capsule review

Canon PowerShot SD500 Digital Elph

At a Glance
  • Generic Company Place Holder Canon PowerShot SD500 Compact Camera

    TechHive Rating

Canon PowerShot SD500 Digital Elph
Photograph: Rick Rizner

The $500 Canon PowerShot SD500 Digital Elph is so small it fits easily in just about any pocket, leaving you no excuse for not having a camera handy when those once-in-a-lifetime baby/puppy/soccer shots happen. The resulting photos weren't our taste testers' favorites, but they should prove more than acceptable for all but the most demanding photographers.

Pick up the SD500, and it just feels substantial. It weighs only 6 ounces, but the metal body appears sturdy and well-made. Its dimensions are petite: 3.37-inches wide by 2.24-inches tall by 1.04 inches deep. Canon helps keep things small by using an SD Card to store photos (a 32-MB card is included). The unit's compactness is most notable when you compare it with other small cameras. For example, place Sony's comparable Cyber-shot DSC-W7 next to the Canon, and the Sony looks positively oversized.

When you power up the camera, its 3X optical lens opens and its sharp 2-inch LCD quickly springs to life. In addition to the LCD, the unit also includes an optical viewfinder--a nice touch that's often missing in cameras this size. Controls are logically placed, with power, shutter, and zoom mounted on top. The camera's mode dial gives you access to its various shooting modes: Automatic, Manual, Special Scene, Movie, and Playback. From within the manual mode you can set white balance, ISO sensitivity, and exposure compensation. The SD500's f/2.8 to f/13 aperture range is the widest I've seen on such a small camera, but you can't set the aperture or shutter speed manually.

Additional settings available within the manual mode include My Colors (which lets you swap colors within an image) and Digital Macro (for extreme close-ups). There are more tricks within the camera's Special Scene menu. Here you can pick from nine different modes: Portrait, Foliage, Snow, Beach, Fireworks, Underwater, Indoor, Kids and Pets, and Night Snapshot. (Note: I wouldn't recommend using the underwater setting without the optional underwater camera housing).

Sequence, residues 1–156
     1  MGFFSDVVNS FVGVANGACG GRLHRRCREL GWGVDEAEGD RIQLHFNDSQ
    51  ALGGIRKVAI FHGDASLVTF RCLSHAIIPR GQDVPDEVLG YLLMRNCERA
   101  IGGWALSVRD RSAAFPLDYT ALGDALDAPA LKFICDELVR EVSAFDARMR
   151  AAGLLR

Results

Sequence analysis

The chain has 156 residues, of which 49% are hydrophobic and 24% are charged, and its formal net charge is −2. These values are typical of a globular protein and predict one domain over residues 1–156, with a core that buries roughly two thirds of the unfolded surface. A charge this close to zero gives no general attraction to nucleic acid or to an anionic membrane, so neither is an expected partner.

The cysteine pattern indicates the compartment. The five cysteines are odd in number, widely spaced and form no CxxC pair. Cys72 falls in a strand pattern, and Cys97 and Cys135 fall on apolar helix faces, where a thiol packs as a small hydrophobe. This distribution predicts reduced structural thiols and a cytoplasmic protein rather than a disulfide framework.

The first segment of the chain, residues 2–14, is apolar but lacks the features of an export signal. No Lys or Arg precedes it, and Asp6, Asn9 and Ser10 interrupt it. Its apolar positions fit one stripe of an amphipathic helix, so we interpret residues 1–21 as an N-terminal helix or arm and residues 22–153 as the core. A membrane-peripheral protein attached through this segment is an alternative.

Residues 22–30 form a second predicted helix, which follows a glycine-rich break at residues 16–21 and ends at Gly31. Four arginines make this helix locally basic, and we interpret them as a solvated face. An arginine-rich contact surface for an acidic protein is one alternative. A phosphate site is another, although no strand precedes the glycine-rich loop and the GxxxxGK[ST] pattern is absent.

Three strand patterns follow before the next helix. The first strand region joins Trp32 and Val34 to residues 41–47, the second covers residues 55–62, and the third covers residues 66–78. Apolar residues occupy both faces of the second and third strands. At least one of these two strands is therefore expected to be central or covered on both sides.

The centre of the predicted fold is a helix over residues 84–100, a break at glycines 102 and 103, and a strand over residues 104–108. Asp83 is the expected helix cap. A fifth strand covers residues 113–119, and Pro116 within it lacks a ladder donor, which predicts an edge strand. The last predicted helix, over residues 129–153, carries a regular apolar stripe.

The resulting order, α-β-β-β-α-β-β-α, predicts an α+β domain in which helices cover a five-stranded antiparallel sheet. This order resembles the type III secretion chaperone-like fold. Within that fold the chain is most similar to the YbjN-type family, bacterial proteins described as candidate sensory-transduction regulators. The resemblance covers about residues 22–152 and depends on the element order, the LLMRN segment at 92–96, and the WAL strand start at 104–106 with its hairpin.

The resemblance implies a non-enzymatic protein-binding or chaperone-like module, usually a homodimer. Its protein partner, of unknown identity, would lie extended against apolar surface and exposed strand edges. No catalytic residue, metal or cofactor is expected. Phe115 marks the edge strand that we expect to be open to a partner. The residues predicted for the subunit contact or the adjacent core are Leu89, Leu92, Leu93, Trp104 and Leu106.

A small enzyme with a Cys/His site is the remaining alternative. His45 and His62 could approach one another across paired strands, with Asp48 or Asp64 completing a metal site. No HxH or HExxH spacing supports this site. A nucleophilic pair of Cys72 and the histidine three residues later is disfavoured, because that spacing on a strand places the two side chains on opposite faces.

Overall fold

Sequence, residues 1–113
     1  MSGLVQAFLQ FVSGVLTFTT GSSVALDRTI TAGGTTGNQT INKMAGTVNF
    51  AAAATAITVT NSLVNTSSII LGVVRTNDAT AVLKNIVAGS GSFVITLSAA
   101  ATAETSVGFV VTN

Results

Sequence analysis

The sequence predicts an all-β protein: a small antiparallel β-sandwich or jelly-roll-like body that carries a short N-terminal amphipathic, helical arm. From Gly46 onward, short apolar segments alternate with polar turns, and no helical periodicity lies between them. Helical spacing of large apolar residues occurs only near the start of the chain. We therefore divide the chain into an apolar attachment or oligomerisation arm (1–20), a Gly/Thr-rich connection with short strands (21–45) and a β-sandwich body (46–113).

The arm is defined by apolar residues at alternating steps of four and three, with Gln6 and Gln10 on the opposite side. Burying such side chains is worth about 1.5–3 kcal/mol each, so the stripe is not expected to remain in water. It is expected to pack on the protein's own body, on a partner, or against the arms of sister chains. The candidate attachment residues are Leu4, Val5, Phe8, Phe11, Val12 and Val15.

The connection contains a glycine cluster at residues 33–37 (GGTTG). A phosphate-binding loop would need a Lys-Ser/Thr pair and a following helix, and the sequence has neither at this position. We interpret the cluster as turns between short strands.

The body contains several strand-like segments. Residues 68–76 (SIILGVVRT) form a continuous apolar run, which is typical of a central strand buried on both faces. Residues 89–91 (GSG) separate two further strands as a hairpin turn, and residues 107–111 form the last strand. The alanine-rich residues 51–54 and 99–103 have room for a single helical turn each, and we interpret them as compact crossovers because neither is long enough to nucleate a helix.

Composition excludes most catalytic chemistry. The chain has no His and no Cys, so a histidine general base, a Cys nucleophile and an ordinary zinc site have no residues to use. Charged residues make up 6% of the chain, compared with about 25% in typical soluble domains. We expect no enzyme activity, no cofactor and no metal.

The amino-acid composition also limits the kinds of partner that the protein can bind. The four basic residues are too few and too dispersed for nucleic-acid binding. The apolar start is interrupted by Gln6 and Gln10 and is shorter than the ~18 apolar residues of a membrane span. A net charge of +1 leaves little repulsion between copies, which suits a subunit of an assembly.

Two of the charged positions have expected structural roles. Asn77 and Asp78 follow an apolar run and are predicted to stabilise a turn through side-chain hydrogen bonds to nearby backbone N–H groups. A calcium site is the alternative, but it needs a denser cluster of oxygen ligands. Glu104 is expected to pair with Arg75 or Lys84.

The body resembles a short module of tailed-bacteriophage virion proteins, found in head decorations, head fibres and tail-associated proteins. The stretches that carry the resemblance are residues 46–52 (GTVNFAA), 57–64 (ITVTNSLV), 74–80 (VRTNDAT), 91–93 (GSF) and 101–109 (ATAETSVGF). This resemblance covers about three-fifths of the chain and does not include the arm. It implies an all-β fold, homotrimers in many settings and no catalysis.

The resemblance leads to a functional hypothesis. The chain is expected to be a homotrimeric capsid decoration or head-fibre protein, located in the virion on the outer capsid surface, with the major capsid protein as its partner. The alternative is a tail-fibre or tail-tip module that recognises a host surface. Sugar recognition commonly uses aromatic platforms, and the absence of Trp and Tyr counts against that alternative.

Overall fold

Navigating the camera's menus is fairly straightforward using the circular directional thumb pad, Function Setting button, Menu button, and Display button, but at first I couldn't figure out how to delete an image (it's a simple downward click on the multidirectional Function button). During my informal testing I found the camera a joy to use--the epitome of point-and-shoot simplicity. The SD500 is simple enough that you can hand it to someone else while you pose for a group shot, and be confident that they'll be able to figure it out.

You should net a fair number of photos from the camera between charges of its removable, proprietary lithium ion battery. In our tests it lasted 230 shots (half with flash and half without). That's not bad, but Sony's comparable (if somewhat larger) Sony DSC-W7 managed 406 shots, and the equally compact and less expensive Fujifilm F10 exceeded 500.

The SD500's weakness is its image quality. The photos looked good overall, but in our taste tests they didn't score as well as some other compact point-and-shoots in the same price range. For example, the Fujifilm F10 significantly outscored the SD500 in all image-quality categories, and is significantly less expensive at $370. Most disappointing was the SD500's weak performance in our test shot using the built-in flash; overall, its score for exposure accuracy was lower than most other point-and-shoot cameras. That said, test images looked sharp, and most casual photographers won't find much to quibble about when it comes time to make prints from everyday snapshots.

The small and rugged Canon SD500 Digital Elph is a good companion for capturing everyday mementos, though image quality may disappoint more-demanding photographers.

Canon PowerShot SD500 Digital Elph

7.1 megapixels, 3072 by 2304 maximum resolution, 37mm to 111mm focal range (35mm equivalent), f2.8 to f13.0 maximum aperture range, shutter speeds from 15 seconds to 1/2000 second, optical and LCD viewfinders, USB connection, 32MB internal memory and SD slot, rechargeable lithium ion batteries, 6 ounces, Digital Camera Solutions CD. One-year parts and labor warranty, 11-hour weekday toll-free support.

Tom Mainelli

This story, "Canon PowerShot SD500 Digital Elph" was originally published by PCWorld.

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At a Glance
  • TechHive Rating

    This Digital Elph has a smooth metal body and is small enough to take everywhere, but image quality could be improved.

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